The missed and/or delayed diagnosis of NF can also be attributed to NF’s hallmark ability to wreak its devastating damage on the body with few symptoms to show for it—until the disease has reached the critical stage. An article in the British Columbia Medical Journal, which featured NF as the focus of the April and May 1999 issues, illustrates this point. The covers of the two journals featured caricatures of a wolf in sheep’s clothing—a highly appropriate representation of how NF stealthily invades and attacks the body under the guise of a common, minor affliction.
As the clearinghouse for NF cases, we find it so difficult to hear case after case, on almost a daily basis, of yet another NF patient who suffered amputations, massive tissue loss, or death due to misdiagnosis. While each case is unique in terms of entry point, type of bacteria involved, time elapsed, and ultimate outcome, a general pattern has evolved:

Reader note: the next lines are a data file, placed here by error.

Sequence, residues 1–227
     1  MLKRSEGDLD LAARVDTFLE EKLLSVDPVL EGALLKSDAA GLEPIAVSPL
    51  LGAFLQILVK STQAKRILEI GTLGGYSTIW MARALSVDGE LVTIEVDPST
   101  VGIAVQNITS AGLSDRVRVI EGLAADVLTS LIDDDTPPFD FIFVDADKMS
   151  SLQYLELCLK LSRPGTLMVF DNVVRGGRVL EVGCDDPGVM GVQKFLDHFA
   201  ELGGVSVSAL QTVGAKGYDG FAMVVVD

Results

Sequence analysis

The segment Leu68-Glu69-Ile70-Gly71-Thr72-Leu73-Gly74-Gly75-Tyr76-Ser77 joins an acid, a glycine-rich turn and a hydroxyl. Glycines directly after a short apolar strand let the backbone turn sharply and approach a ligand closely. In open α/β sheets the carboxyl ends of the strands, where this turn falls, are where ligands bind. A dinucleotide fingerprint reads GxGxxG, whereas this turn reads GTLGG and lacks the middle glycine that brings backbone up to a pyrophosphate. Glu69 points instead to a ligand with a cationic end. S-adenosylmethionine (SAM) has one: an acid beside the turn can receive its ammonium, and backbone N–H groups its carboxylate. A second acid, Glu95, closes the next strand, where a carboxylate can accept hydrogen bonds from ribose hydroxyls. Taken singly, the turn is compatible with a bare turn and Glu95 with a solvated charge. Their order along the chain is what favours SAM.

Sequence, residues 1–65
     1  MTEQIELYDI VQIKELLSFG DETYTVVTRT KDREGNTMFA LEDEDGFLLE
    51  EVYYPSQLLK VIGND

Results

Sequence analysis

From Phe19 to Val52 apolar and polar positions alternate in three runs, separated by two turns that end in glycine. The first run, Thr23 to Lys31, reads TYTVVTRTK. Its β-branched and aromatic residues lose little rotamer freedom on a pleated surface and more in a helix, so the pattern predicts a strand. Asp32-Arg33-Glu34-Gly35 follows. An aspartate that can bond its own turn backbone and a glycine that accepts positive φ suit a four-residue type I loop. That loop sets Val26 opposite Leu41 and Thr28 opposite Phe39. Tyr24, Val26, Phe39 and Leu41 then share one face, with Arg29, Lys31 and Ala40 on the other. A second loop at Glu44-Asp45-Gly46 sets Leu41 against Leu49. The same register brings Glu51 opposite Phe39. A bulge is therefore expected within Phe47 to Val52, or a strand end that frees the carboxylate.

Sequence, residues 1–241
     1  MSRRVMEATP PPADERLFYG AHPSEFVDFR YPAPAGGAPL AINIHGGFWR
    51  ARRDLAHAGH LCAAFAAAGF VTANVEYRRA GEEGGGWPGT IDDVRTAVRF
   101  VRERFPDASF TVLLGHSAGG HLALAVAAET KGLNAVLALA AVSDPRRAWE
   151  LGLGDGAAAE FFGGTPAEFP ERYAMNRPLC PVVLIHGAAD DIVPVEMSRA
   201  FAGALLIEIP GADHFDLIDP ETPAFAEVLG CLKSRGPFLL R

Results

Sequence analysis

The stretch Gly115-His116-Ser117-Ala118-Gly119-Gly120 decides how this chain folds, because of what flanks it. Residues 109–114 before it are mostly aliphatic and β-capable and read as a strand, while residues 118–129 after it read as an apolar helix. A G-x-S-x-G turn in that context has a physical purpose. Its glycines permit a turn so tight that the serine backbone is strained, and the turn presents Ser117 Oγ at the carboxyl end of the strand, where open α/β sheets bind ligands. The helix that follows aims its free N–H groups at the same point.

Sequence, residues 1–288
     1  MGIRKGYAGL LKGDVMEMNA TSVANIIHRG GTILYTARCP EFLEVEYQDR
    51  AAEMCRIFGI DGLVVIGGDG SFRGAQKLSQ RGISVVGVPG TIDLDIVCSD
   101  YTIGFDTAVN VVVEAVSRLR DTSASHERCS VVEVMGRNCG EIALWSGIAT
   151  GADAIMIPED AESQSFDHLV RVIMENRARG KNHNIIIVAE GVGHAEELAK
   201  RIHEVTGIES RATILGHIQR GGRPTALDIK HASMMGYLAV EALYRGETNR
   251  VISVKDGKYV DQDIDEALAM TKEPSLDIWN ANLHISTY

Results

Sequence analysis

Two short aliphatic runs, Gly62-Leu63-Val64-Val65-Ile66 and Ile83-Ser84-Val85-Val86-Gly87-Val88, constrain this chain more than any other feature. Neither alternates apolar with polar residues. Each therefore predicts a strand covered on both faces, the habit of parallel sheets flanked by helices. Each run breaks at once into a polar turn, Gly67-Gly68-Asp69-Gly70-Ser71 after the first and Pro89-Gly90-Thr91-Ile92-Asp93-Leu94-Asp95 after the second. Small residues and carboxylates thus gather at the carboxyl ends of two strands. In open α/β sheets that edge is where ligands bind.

The patient exhibits early, progressing symptoms and makes one or more attempts to seek medical treatment, but is sent home with an erroneous diagnoses.
His or her condition steadily worsens and becomes critical.
The patient is returned to the hospital, where emergency medical intervention is initiated, the effectiveness of which is considerably weakened due to the advanced stage of the disease, which directly results in loss of limbs, permanent disability, severe disfigurement, or death.
We at NNFF are passionately dedicated to educating medical professionals of every discipline - from school nurses, to EMTs, to ER physicians, to nurses, and general practice staff, and all others, so that the high rate of misdiagnosis can be greatly reduced, thus saving limbs and lives. Please contact us at firstname.lastname@example.org if you are interested in having Ms. Roemmele speak to your organization regarding NF.